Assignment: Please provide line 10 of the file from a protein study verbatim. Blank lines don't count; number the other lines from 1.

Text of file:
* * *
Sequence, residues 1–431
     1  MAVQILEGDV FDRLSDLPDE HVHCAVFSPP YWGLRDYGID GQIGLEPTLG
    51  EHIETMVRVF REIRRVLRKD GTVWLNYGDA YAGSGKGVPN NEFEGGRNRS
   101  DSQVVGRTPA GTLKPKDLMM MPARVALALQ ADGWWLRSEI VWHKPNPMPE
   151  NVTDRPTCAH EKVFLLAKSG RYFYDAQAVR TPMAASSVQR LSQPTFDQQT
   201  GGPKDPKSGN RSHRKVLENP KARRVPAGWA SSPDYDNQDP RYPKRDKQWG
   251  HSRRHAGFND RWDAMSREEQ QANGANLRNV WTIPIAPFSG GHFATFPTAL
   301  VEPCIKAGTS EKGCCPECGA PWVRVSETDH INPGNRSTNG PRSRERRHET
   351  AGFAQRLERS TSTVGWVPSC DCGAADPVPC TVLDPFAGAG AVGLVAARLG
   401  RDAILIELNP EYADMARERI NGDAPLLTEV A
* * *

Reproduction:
   401  RDAILIELNP EYADMARERI NGDAPLLTEV A